By Ken Kerschbaumer -- Broadcasting & Cable, 10/23/2005 8:00:00 PM
Oprah with salsa. That's what Univision called Cristina Saralegui when it was trying to give the wider public a sense of what the host of a Spanish-language talk show was all about. But it was Winfrey herself who put the proper spin on her while Saralegui was in Chicago at a taping of Winfrey's show. The queen of daytime TV told the audience that there was a woman in the studio who is known as Oprah with salsa.
“But that's a lie,” said Winfrey. “I am the black Cristina.”
“I was so red,” recalls Saralegui of the moment. “But I've been honored to be compared with Oprah. And it's definitely better than being called Donahue in drag.”
Since Univision launched The Cristina Show in 1989, Saralegui has made the transition from high-energy publishing magnate to someone who has not only a weekly talk show, a Web site and a magazine but also a sportswear line. And a home-furnishings line. And a furniture line.
And, in a definite first for a B&C Hall of Fame inductee, a mattress line.
“Two years, my husband [Marcos Avila] said we had a media brand through owning our studios, a production company and a magazine,” she says. “So why not extend the brand into products? Martha Stewart hadn't done too badly with it.”
Having a furniture line and making guest appearances on shows like The George Lopez Show and Hollywood Squares is a long way from Saralegui's childhood in Cuba. Born in Havana, Jan. 29, 1948, Cristina left the country with her family in 1960 to settle in Miami's newly formed Cuban ex-pat community. It was there, with the help of her grandfather, her family and her own sheer determination, that Cristina began a journalism career that has been transformed into a multimedia empire.
Saralegui's rise in the industry shouldn't be a surprise given her lineage. Her grandfather, Don Francisco Saralegui, was a magazine publisher whose empire was so large he was known as “The Paper Czar” throughout Latin America and Cuba, and he owned the company that imported all of the newspaper and magazine paper into Cuba.
“When I was a child, I would go with my dad and granddad to see the printing press. I grew up smelling ink,” she says. “Being in print was all I ever wanted to do in my life. When I told my dad that I wanted to be a journalist, he said I was going to starve because they don't make any money. But it was a passion.”
In college, she turned that passion into an internship at Vanidades, the top women's magazine in Latin America, which her grandfather had created years earlier. The print medium laid an important foundation for Saralegui's skill set. In 1979, after spending time working on three Latin American publications at the same time, she was named editor-in-chief of Cosmopolitan En Español, the Spanish-language version of Hearst's popular magazine circulated in Latin American countries and the U.S. She held that post for 10 years until she resigned to become executive producer and host of The Cristina Show.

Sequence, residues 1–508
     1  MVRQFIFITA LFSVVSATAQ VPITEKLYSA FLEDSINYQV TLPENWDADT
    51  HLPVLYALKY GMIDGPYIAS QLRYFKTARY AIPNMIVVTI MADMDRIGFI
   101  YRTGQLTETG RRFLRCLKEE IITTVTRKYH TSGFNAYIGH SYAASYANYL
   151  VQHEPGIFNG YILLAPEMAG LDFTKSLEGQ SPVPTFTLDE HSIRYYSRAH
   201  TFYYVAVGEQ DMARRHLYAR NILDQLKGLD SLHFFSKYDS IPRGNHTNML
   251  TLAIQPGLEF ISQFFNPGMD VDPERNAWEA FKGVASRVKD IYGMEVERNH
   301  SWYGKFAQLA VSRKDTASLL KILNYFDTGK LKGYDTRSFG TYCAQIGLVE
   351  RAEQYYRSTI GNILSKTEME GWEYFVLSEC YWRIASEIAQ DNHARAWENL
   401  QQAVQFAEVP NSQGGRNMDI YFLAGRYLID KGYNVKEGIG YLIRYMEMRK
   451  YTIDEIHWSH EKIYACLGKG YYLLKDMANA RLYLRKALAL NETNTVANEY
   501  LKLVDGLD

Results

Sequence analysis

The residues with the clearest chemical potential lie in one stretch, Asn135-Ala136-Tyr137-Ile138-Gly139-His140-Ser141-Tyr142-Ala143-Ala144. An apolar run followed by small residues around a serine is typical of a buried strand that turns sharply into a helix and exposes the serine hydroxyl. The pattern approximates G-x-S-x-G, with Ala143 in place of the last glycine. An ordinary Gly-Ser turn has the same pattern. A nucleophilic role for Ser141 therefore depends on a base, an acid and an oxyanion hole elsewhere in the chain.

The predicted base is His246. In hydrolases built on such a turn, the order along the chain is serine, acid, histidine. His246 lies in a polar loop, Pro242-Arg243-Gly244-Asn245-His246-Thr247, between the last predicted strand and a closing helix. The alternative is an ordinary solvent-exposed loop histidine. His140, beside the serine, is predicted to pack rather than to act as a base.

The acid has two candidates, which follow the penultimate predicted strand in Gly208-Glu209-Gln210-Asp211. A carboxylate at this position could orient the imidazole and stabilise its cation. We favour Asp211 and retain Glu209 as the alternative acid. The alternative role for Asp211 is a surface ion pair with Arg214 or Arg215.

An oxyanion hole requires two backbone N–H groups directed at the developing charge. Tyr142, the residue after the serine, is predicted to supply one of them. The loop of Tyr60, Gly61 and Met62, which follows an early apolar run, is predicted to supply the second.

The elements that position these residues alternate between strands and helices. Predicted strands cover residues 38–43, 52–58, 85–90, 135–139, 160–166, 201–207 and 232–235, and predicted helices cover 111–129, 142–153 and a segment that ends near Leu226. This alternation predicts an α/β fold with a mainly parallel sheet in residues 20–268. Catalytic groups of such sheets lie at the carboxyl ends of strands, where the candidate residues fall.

As editor of a provocative magazine, she made guest appearances on the hugely popular Sabado Gigante with Don Francisco. She was so good on her first appearance that she was invited back for 10 straight weeks. “I thought, if I can promote Cosmo, I'm there,” she says. After the 10-week stint, her own show was born.
“I'll never forget my first contract,” she says. “It had the word 'talent' on it, and to me talent meant you're good at something. But, for them, it meant you stand there and everybody else makes decisions for you. We spent the little money we had to get our lawyer to take 'talent' out of the contract. Since then, I've been executive producer.”
After 12 years of hosting the program every day, Christina found herself burned out and bored. “And when you're bored, you become boring,” she says. She also had three children—Cristina, Stephanie Anne and Jon Marcos—who were all growing up (they're now 27, 22 and 19, respectively). She wanted to spend more time with them, and she wanted to dip her toes into some new business ventures.
The show now airs just once a week, as her media presence grows larger. “Right now, I love doing what I'm doing,” she says. “Working with the different businesses, I travel a different circuit than the TV industry. It's not such a dog-eat-dog world.”
She's well aware that a major reason for her success is that she's a straight shooter. “I have no connection between my brain and mouth so whatever I want to say comes out unedited,” she says. “It's my biggest defect but also my biggest virtue.”
It also helped her break down the stereotype of Latinos as being unwilling to discuss sensitive topics like homosexuality or AIDS. “People told me it wouldn't work because Latinos would not discuss private matters on TV,” she says. “But it was like uncorking a bottle of champagne because they were dying to talk and ask about those issues.”
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